And the astralagus in artiodactyls is completely distinctive. It has a double pulley, one on each end. Kids play with them as cars around the world. They're commonly used as toys because they look like they have four little wheels on them. And those are the two hinge joints on each end. And you could imagine that this evolved in parallel, that this was a similarity but not a synapomorphy. A similarity, but a sympleisomorphy, so it wasn't meaningful.

But the cuboid, I looked at it and it was very distinctive and it had a big notch in the side of it. After a week I was able to find a goat ankle in the field. We were collecting fossils. We didn't have things there to compare to, but you do find like bones of other animals sometimes, living animals, and we found a nice goat ankle. And it has a perfectly notched cuboid, and I realized, "get used to it. This is — this is going to be the answer.

And then when we got home we had collected several hands and feet in the field in plaster jackets, which is the best way to do it so you don't disturb anything, you don't lose anything. You bring it home and you prepare it in the lab. And so we got those home, and we had not only the astralagus and the distinctively notched cuboid, but also the calcaneum, which is the bone that makes your heel. It has a very distinctive curved surface on it for the fibula bone to articulate with, and that was there, too, so it's over. There's no doubt about it anymore.

What response did you expect from the community?

An instant one, and I knew this would be true, so we had to work quickly to study this material to be able to publish it while trying not to let word out about what we'd found, because I knew that people would embrace this idea immediately, and it's good to show the evidence before you leak the word out.

How did the molecular data corroborate your find?

I was pretty sure that this idea of whales and artiodactyls being sister groups would be accepted immediately, partly because our evidence was so good, ankle bones associated with complete skeletons, virtually, and partly because our molecular colleagues have been increasingly strident that whales and artiodactyls have to be closely related. And they even think that they can see where whales came out of the artiodactyls, and they propose that hippos are the ancestors--or are the group that's closest to the ancestry--of whales. And our evidence has basically come out supporting that.

I had read what they wrote. I was fully aware of it, but I never fully believed it because the molecular people can't see groups that are extinct, and it would be very easy for mesonychids to be in the middle and just not to be able to see them just by looking at living animals. But in this case, now the fossil evidence supports a connection of whales and artiodactyls without any mesonychids at the base.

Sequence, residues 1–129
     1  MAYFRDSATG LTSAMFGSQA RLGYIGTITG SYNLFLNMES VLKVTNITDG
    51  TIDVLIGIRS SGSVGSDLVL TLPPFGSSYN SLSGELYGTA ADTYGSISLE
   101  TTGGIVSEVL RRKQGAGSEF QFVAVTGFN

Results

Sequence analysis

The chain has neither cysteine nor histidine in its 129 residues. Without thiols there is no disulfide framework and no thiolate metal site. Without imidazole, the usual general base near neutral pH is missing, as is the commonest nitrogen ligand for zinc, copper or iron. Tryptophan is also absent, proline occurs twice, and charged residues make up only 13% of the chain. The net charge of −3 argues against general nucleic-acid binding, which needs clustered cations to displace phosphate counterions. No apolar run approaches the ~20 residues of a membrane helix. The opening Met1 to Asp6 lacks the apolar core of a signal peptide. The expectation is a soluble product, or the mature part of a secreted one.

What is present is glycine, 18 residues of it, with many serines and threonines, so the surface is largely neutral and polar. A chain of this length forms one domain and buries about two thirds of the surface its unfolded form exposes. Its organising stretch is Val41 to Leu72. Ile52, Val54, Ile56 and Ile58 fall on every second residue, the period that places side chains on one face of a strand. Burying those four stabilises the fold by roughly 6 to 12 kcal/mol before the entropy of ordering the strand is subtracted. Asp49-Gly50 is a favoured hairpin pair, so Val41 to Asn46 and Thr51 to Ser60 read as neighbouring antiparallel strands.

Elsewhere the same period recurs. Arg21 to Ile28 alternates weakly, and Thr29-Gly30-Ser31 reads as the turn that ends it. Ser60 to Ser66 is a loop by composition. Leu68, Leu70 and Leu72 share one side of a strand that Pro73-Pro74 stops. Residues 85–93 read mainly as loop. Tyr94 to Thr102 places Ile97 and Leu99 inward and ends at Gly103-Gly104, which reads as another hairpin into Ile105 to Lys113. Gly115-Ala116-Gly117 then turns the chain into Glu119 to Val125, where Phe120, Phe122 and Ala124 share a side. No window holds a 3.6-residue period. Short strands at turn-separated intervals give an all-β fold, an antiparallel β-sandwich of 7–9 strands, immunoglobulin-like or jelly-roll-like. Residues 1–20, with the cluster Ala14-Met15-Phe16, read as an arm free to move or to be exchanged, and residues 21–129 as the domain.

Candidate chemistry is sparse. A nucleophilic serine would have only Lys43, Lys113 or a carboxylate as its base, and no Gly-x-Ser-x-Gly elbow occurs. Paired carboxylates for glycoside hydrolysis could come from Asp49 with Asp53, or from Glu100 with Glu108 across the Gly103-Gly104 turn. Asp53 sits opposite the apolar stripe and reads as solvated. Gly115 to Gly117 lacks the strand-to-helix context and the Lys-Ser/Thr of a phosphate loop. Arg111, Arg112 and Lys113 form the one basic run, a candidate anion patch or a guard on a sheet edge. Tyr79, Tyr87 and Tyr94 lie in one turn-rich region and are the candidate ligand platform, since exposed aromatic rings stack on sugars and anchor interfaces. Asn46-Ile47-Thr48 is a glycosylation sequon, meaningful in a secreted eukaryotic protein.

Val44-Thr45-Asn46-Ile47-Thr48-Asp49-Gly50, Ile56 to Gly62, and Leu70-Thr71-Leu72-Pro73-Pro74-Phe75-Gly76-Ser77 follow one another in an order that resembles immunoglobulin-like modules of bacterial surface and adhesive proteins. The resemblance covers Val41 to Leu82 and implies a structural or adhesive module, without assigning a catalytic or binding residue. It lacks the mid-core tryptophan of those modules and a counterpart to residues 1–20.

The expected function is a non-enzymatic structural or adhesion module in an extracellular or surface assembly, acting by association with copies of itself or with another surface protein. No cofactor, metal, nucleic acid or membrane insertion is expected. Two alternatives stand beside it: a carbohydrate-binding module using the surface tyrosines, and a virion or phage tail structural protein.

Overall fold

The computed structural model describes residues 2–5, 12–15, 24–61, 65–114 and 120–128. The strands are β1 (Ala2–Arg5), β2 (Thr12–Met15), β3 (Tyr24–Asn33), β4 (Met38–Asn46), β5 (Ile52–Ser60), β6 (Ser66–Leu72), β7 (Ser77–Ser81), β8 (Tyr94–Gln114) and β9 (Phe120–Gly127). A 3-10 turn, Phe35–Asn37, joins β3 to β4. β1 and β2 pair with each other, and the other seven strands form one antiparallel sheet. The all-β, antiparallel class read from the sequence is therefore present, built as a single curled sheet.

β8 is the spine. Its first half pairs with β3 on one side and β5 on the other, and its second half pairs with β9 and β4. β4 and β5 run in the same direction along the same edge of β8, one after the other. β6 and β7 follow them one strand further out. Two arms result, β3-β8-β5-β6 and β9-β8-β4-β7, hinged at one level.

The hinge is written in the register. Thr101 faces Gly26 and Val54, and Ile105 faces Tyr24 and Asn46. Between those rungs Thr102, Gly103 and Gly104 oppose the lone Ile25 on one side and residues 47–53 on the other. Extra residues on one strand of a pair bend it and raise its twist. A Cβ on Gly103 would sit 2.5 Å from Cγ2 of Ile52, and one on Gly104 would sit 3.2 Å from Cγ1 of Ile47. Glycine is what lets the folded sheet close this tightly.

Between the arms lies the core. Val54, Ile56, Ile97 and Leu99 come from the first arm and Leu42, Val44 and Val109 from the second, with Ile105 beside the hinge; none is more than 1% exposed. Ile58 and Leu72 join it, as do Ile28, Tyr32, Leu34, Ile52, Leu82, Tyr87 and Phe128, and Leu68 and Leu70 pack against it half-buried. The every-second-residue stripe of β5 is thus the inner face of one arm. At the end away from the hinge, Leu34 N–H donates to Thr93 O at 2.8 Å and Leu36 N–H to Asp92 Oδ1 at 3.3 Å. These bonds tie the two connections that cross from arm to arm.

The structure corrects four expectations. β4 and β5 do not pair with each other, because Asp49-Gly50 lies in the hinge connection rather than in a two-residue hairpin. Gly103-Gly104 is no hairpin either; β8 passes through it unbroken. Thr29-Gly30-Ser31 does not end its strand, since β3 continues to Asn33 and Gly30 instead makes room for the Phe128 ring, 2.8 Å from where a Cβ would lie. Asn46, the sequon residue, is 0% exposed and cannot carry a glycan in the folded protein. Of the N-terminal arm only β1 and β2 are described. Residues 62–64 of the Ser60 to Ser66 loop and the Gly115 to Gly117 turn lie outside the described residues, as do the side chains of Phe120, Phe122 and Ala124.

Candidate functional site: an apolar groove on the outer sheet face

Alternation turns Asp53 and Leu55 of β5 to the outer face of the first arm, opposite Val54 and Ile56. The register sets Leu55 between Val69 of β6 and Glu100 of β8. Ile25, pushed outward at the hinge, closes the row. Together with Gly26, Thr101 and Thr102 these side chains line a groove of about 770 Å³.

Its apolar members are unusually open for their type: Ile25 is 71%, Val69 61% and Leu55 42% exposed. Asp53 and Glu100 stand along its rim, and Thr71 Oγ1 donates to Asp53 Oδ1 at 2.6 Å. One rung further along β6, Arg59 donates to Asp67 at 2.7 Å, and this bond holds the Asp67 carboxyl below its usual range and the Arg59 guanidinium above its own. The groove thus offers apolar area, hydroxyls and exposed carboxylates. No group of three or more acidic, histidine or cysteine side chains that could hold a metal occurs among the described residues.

Is it rare to unify the molecular data with fossil finds?

This is a very rare occurrence. This is virtually unknown. We have 18 orders of mammals living today: the horses, the artiodactyls, the whales, the rodents, the rabbits-18 of these groups. They can, most of them, be traced back to the beginning of the Eocene, and then we mostly don't know how they're connected.

And so our molecular colleagues are telling us many answers, some of which disagree with each other, none of which we can fully believe because we don't have evidence from fossils that tie them together. So this is a very special case to be able to tie the groups together with fossils too. It's what we've been working, working, working to get for all these groups, and at least now we've got it for one.

Were you surprised that it should happen with whales?

DNA is not an ideal evolutionary document and the reason is partly because the code is too simple. It's very long, so it gives us lots of information, but the letters coded in it are too few to convey a lot of information, so it's easily written over.

How can we use DNA as an evolutionary document?

The second problem with it in terms of the history of life is that you can only study it in things living today. It doesn't have a fossil record. It doesn't have something you can trace back and see the steps. It just has connections and you have to jump from one to the other. There are no intermediates that let you trace the lineage, and so that's the main difference. With the fossil record the game is, the objective is to trace all the lines.